Singles has become monotonous with the same set of players making it to the final rounds. On the other hand, doubles has brought in more verve to the existing status quo of the Tour, with each player’s individuality adding to the dynamics of the team. After his first outing as Kyrgios’ doubles partner at the Citi Open in Washington in July, Tsitsipas pointed this out.

“It’s the joy of being with a person who thinks differently and reacts differently. I would characterise him (Kyrgios) as someone who likes to amuse. I’m very serious and concentrated when I play, but he just has the style of speaking all the time. It’s good sometimes to have a change,” the Greek had said.

These changes – as seen with Murray’s recent decision – may not extend for a longer period. The culmination of these short-term team-ups does – and should – not mean the end of the road of doubles piquing attention, per se. At the same time, these transitory partnerships also reroute the discussion back to the financial side of the doubles game.

In a recent interview with Forbes, Jamie Murray – a doubles specialist – shared how conducive it had become for players to take up doubles as the sole means of a tennis career these days, as compared to in the past.

“Because the money is always increasing in tennis, it is a much more viable option to go down the doubles route a lot earlier than previous generations. Before, people would play singles and then when their ranking dropped, they played an extra few years of doubles. Now it is a genuine option to start off much younger and have a career in doubles,” the 33-year-old said.

Despite Murray’s upbeat attitude, these increases have not exactly trickled towards doubles, especially at the Slams including the upcoming edition of the US Open. For 2019, the USTA showed-off yet another hike in the prize-money coffer. The men’s and women’s singles champions will be awarded $3.8 million. In comparison, the men’s and women’s doubles teams winning the respective title will get $740,000. This sum gets further diluted for the mixed-doubles’ titlists who will get $160,000 as a team.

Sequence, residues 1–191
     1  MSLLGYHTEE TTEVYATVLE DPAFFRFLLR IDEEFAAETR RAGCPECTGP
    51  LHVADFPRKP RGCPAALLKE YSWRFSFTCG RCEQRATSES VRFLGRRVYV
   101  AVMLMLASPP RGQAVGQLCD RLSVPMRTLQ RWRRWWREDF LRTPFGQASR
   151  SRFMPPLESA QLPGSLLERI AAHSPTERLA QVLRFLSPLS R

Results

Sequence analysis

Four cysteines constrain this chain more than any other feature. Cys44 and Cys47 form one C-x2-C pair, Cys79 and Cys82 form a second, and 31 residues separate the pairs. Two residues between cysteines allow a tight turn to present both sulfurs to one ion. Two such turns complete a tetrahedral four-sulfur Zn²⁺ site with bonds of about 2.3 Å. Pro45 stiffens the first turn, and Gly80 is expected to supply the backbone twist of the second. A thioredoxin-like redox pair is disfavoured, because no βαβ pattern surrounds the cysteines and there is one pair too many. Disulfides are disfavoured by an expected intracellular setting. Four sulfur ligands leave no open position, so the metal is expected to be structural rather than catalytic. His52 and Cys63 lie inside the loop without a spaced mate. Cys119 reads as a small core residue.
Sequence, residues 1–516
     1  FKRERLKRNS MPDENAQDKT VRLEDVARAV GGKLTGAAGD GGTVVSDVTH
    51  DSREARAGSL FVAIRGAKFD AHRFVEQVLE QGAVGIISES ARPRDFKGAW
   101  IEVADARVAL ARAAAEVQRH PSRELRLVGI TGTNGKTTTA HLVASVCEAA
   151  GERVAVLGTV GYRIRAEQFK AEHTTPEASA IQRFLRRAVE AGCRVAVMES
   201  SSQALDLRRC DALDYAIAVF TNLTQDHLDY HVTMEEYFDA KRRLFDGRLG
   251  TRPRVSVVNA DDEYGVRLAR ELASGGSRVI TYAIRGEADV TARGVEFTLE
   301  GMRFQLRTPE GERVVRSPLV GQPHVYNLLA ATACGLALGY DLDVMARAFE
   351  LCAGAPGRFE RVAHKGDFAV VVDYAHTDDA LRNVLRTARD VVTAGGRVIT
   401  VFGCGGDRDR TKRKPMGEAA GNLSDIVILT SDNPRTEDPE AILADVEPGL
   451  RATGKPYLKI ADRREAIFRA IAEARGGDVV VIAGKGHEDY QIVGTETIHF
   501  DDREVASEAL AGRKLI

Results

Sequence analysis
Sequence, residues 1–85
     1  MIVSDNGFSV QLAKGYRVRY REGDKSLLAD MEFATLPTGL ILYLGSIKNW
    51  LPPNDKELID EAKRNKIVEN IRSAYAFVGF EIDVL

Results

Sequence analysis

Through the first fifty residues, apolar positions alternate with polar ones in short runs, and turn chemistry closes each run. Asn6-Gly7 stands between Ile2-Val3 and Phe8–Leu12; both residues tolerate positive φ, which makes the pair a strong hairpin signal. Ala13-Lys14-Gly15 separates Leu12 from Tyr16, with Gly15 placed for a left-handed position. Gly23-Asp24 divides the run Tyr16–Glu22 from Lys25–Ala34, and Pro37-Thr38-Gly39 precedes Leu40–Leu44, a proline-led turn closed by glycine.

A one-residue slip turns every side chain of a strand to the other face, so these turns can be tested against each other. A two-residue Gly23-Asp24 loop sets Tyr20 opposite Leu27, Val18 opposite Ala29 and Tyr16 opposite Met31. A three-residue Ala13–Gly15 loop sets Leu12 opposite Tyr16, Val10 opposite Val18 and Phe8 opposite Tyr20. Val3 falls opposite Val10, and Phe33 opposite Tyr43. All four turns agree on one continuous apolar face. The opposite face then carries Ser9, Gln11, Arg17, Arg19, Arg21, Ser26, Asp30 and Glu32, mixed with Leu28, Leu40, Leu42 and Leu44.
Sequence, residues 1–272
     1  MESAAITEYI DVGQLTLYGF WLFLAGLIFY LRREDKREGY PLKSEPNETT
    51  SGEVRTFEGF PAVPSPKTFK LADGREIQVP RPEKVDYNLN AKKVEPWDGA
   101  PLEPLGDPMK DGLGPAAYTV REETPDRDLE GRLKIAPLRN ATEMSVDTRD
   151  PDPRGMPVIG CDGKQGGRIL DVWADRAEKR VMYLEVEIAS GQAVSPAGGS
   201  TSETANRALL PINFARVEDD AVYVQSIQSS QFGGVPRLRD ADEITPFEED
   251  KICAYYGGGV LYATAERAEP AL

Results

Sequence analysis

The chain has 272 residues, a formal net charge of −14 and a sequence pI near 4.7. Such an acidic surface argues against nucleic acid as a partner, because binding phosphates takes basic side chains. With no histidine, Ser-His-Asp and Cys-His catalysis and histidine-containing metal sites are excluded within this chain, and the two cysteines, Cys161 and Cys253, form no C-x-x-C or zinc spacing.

This is the third and final takeaway that emerged from Murray’s US Open call. For several of these singles players, intermittent doubles play is an option. For those who play only doubles, that is the only option they have. The doubles game requires similar effort – travel, expenses and fitness – the costs continue to outweigh the benefits. These momentary team formations are a gauge revealing the disparity of tennis’ two sides, visible yet obliviated beyond tokenism.

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Svetlana Kuznetsova upsets Ashleigh Barty in Cincinnati to reach the 42nd final of her career

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Russian wild card Svetlana Kuznetsova edged top seed this year’s Roland Garros champion Ashleigh Barty 6-2 6-4 in the semifinal of the Western and Southern Open in Cincinnati to reach the 42nd final of her career.

 

Two-time Grand Slam champion Kuznetsova, who is now ranked world number 153, scored her third win against top 10 players this week  after beating former US Open champion Sloane Stephens and Karolina Pliskova.

Barty missed her chance to regain world number 1 spot from Naomi Osaka, who was forced to retire from her quarter final.

Barty earned the first break of the match in the second game of the opening set, when Kuznetsova netted a backhand. Kuznetsova broke back in the third game with a smash winner and earned another break at 2-2 when Barty netted a backhand. Kuznetsova hit a return winner to build up a 5-2 lead. Barty asked a medical time-out to treat he right leg. Kuznetsova held serve at 15 to close out the opening set after 30 minutes.

Kuznetsova went up a break in the first game of the second set. Barty won just three points on return in the second set. Kuznetsova closed out the second set with three winners in the 10th game.

“I am really happy. I am not really an analyzing person, but on my intuition, I am doing so much better, not repeating so many of my mistakes, just playing smarter and wiser now. It’s been so many different things when I was off, so I just enjoyed time off. Honestly, I was not missing at all the travelling and all the stress when you play tournaments, but now I have missed it and I feel good. I feel joy staying here and being here. It definitely helped me to have some time off to see other things outside tennis”, said Kuznetsova.

 

Kuznetsova set up a final against Madison Keys, who beat Sofia Kenin in straight sets. The Russian 34-year-old veteran player has qualified for her first final since last year, when she beat Donna Vekic in Washington.

 

“Madison is extremely tough. When she is on fire, it is really hard to play against her. It’s going to be a difficult match-up”, said Kuznetsova.